Northwest Voices | Letters to the Editor
A historic shift in Social Security
Social Security is a good investment
The Aug. 6 “Close Up” article, “Social Security isn’t the deal it once was,” asserts that Social Security is not a good investment. I disagree.
The study by the Urban Institute that the article cites uses erroneous assumptions, and minimizes the value of Social Security protection while overstating the Federal Insurance Contributions Act (FICA) taxes average workers pay.
I went back to the original report and referenced a single (male) wage earner retiring at age 65 in 2010 with average earnings of about $43,000. The Urban Institute Report shows that a wage earner paid $294,000 in lifetime Social Security taxes. I did the calculation myself and came up with a much lower figure — $129,567. Using data from the Social Security website, I calculated that a wage earner retiring in 2010, and earning maximum-covered earnings under Social Security, paid lifetime taxes of $129,567 — less than half of what the Urban Institute Report shows. I could not recreate the “average earnings” figure used by the Urban Institute, but clearly the lifetime taxes for an average worker would be far less.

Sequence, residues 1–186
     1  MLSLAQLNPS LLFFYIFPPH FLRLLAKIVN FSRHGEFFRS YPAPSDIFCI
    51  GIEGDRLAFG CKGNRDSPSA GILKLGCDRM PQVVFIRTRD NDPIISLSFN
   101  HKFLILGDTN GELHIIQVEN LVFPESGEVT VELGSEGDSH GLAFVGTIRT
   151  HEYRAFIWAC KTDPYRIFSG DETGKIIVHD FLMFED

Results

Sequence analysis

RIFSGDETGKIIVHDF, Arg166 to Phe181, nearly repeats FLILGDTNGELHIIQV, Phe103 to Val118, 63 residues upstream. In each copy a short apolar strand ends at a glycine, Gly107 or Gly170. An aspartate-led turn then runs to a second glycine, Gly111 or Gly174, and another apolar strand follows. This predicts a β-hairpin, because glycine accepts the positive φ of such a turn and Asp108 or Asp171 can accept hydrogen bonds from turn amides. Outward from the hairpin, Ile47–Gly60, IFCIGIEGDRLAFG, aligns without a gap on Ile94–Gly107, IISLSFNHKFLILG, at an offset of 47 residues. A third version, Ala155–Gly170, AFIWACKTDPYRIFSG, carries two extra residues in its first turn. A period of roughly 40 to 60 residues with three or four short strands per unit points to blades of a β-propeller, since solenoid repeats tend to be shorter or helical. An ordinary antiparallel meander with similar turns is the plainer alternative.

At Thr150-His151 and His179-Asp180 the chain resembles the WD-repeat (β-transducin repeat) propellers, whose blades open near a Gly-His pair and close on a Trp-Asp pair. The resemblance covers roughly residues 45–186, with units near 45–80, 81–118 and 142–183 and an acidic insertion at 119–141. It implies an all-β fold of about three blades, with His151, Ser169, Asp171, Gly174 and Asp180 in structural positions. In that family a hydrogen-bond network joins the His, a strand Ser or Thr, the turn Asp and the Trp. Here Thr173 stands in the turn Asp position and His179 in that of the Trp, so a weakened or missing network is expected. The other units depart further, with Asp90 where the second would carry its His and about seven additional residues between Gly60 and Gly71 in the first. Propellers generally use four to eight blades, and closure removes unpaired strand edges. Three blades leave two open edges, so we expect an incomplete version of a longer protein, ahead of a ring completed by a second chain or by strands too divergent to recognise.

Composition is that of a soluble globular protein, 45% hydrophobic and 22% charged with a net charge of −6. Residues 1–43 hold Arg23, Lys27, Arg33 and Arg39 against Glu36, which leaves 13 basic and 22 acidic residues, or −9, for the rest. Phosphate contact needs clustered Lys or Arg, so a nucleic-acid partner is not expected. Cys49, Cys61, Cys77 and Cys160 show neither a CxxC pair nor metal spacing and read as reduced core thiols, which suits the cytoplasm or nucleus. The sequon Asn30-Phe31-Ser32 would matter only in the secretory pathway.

The Urban Institute study is flawed because they made erroneous assumptions: One, it assumed FICA taxes would be put into an account earning 2 percent interest plus inflation, so its figures significantly overstate the taxes. This methodology is not standard or universally accepted, nor is there any real data showing that taxpayers would ever get those earnings even if they choose to save the money. Current assumptions on tax cuts are that money is spent, not saved; two, it adjusted taxes for current dollars, inflating the actual taxes paid; three, the examples it highlighted ignore that Social Security also provides protection similar to life insurance for dependent children and mothers, widows and surviving children and spouses of deceased-wage earners; and four, although it is hard to quantify the value of Social Security’s “life-insurance” protection, the study overlooked that Social Security protection carries with it a value equivalent to a life-insurance policy of $400,000 and a disability policy of $350,000.
So, by cooking the books, the study concludes that an average-wage earner paid $294,000 in taxes when a calculation using Social Security’s own data shows the maximum possible tax by a high earning wage earner is $129,567, and the tax paid by an average worker is far less than that.
— Dennis Wulkan, Seattle